"Entrepreneurship" is a word that is getting flung about, but not everyone has the skill to be an entrepreneur. Also not every person has the skill to go into some sort of creative trade or become a corporate exec.

To be flip about it, you have to have jobs for the people on the lower part of the IQ scale to do. There are all type that have to survive in the economy. This particular transition is feeding those people (as well as a good deal of the smart people too) to the wolves.

Re:What year is this? (5, Insightful)

sottitron (923868) | about a year ago | (#43582247)

I think a natural equilibrium will be reached. The only reason to manufacture things is for people to buy them. If nobody has money because nobody has a job, then they won't bother to make robots to manufacture things. At some point the 'haves' need the 'have nots' to have money. Filthy rich people don't continue to get filthy rich off of one another.

Re:What year is this? (3, Insightful)

blue trane (110704) | about a year ago | (#43582319)

Solution: guarantee everyone a basic income, and hold challenges to stimulate individuals to innovate on their own or through collaborations across the unprecedented communication tool of the internet.

Re:What year is this? (1)

lance_of_the_apes (2300548) | about a year ago | (#43582275)

Agreed. I always find it funny when people assume that a prediction that fails to happen right on schedule will therefore never happen.

Society will adapt, but at what cost? Stay tuned...

Re:What year is this? (1)

Rob Riggs (6418) | about a year ago | (#43582367)

Work smarter, not harder. That's the way it has been going for thousands of years of civilization and social advancement. We still need low-skilled work, but those will be fewer and lower paying the more people compete for those jobs. And skilled jobs will grow and wages will increase as employers compete for those skills. The intelligence and education required to stay in the middle class will continue to increase.

There will be incentive to create tools and technology to use those lower-skilled, less expensive workers just as there are today. You don't need a comp sci degree to work on an automotive computer system to repair cars. The same gear-heads (I use that term affectionately) that worked on cars in the '70s do so today. Tools will make today's high-tech jobs require less skill to do more advanced work.

Who would have thought in 1970 that, 40 years later, functional literacy would require understanding of how to use computers? Or that we would all carry those computers in our pockets. In 40 years, who knows what "functional literacy" will look like? Everyone able to program a computer? Probably, but "programming" won't look much like it does today. The only thing that matters in the end is how fast an individual can learn and adapt to a changing world.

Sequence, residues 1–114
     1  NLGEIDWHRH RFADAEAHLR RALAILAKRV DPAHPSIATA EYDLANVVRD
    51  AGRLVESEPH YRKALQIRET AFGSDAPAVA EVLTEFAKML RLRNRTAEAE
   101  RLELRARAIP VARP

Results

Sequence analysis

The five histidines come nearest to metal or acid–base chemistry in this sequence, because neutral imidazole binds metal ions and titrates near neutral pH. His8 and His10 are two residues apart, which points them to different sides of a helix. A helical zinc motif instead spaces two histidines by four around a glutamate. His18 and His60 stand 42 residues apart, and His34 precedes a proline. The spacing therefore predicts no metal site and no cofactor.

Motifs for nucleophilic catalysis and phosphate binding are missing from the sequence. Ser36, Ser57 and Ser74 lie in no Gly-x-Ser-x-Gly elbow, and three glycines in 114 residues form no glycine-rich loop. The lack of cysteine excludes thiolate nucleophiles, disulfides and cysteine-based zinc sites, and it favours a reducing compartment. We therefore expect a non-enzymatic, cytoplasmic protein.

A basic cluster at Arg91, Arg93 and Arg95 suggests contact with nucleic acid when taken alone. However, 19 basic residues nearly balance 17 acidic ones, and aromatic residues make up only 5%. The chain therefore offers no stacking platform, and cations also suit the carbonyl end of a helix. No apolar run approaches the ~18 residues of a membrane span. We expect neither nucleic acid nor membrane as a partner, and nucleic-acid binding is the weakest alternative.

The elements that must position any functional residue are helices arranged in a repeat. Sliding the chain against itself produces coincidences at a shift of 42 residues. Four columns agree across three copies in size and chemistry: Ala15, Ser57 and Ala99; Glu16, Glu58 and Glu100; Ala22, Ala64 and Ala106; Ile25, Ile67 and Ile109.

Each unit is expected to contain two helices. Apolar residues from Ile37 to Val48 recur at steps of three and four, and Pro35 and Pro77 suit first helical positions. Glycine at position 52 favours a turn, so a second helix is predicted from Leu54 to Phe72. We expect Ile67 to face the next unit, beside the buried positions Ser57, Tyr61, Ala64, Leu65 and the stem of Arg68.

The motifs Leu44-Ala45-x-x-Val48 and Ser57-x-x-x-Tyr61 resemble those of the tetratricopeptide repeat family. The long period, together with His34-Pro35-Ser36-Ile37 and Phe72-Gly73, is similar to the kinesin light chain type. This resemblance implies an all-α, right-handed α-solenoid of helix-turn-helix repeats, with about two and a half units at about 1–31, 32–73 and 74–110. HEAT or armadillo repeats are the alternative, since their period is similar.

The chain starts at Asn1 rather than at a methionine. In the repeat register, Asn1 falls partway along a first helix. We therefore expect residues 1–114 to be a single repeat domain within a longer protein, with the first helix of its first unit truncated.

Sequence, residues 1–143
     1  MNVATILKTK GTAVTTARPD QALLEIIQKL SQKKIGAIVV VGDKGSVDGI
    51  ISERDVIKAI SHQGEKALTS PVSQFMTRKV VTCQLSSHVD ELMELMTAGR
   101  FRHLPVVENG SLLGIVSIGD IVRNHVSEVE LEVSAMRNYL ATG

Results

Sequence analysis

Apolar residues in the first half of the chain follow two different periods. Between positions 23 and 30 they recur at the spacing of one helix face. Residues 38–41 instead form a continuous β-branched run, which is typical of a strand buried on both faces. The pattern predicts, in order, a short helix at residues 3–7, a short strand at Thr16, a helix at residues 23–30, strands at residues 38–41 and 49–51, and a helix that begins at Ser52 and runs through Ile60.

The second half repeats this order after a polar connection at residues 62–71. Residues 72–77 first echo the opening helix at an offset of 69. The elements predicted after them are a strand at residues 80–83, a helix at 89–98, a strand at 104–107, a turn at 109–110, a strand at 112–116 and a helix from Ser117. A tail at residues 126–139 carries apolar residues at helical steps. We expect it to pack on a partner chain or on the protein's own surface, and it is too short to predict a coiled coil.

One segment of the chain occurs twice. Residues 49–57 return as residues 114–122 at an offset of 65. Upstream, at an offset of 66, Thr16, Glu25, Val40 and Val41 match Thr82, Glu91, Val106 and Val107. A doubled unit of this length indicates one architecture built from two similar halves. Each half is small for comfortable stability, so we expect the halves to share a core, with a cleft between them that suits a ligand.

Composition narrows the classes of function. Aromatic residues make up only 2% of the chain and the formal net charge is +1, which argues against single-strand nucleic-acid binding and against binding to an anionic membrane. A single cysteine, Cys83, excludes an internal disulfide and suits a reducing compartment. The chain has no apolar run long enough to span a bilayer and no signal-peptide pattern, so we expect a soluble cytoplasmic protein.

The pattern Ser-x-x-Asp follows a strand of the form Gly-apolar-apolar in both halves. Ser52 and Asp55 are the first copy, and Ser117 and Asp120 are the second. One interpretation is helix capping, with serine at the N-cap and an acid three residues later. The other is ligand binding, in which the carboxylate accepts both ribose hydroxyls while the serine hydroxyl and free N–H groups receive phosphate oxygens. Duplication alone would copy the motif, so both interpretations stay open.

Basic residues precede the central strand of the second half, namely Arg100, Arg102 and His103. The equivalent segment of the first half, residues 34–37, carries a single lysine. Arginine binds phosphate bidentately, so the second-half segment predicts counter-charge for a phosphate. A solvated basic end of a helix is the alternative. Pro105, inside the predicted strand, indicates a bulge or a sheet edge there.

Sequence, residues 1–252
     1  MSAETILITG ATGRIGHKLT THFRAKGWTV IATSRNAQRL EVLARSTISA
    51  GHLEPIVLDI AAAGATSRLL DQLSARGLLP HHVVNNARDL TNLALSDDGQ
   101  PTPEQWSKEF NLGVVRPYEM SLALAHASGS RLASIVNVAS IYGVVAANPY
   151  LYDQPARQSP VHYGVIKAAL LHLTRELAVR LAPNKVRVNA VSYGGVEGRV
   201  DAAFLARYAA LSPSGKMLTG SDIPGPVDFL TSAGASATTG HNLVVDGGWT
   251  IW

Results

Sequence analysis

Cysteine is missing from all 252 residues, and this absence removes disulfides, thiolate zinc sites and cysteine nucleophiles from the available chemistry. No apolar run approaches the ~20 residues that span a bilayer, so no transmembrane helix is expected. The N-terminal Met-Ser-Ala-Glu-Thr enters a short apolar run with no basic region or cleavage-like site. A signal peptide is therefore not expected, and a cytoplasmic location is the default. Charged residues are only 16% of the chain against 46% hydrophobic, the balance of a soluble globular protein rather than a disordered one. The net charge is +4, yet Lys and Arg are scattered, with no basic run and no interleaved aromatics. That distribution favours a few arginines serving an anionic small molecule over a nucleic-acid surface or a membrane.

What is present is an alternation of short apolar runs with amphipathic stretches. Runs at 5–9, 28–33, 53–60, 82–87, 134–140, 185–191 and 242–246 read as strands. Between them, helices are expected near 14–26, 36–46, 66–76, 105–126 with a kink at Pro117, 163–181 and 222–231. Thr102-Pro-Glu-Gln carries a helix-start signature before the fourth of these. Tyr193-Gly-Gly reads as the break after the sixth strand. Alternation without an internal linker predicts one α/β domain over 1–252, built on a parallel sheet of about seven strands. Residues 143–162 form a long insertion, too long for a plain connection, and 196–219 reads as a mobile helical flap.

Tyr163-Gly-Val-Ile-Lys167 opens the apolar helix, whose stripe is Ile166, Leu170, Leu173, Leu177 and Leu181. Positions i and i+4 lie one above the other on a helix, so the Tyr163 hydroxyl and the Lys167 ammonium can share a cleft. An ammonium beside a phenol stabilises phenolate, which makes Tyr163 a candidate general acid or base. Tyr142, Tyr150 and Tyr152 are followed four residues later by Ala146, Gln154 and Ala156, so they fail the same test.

Re:What year is this? (3, Insightful)

k6mfw (1182893) | about a year ago | (#43581963)

These exact same fears were written about in 1980. There was a famous BBC TV programme about how robots and microprocessors would replace everyone.

We already know the outcome.

Also back in 1980, middle class income people were able to purchase houses in places which nowadays they cannot.

Re:What year is this? (3, Funny)

Anonymous Coward | about a year ago | (#43581977)

We already know the outcome.

Which one is it, the Matrix or Skynet?

Re:What year is this? (1)

CastrTroy (595695) | about a year ago | (#43581979)

Yeah, this is bound to happen sooner or later. Your best insurance is to be skilled in an area that isn't easily replaced by a robot. So obviously programming robots is safe for a little while, but there's lot of other things. Even low level jobs like hair stylist, plumber, or car mechanic probably won't be replaced by robots in the near future. Basically stay away from any jobs that have gone to foreign workers over the last decade. All those foreign workers were really just a stop-gap while they got the robotics figured out.

Re:What year is this? (4, Insightful)

blue trane (110704) | about a year ago | (#43582333)

So your concern is only about the social status of "having a job"? Isn't leisure a good thing? Why do we have to serve an obsolete, feudal economic theory that postulates only people with jobs can have money? A better solution is to use economics as a tool to serve us instead of the other way around: guarantee each individual a basic income.

Re:What year is this? (1)

Anonymous Coward | about a year ago | (#43581997)

We already know the outcome.

Yeah, Skynet.

Re:What year is this? (-1)

Anonymous Coward | about a year ago | (#43582155)

FUCK YOU, ASSHOLE.

You too, caps filter.

Re:What year is this? (5, Insightful)

Anonymous Coward | about a year ago | (#43582019)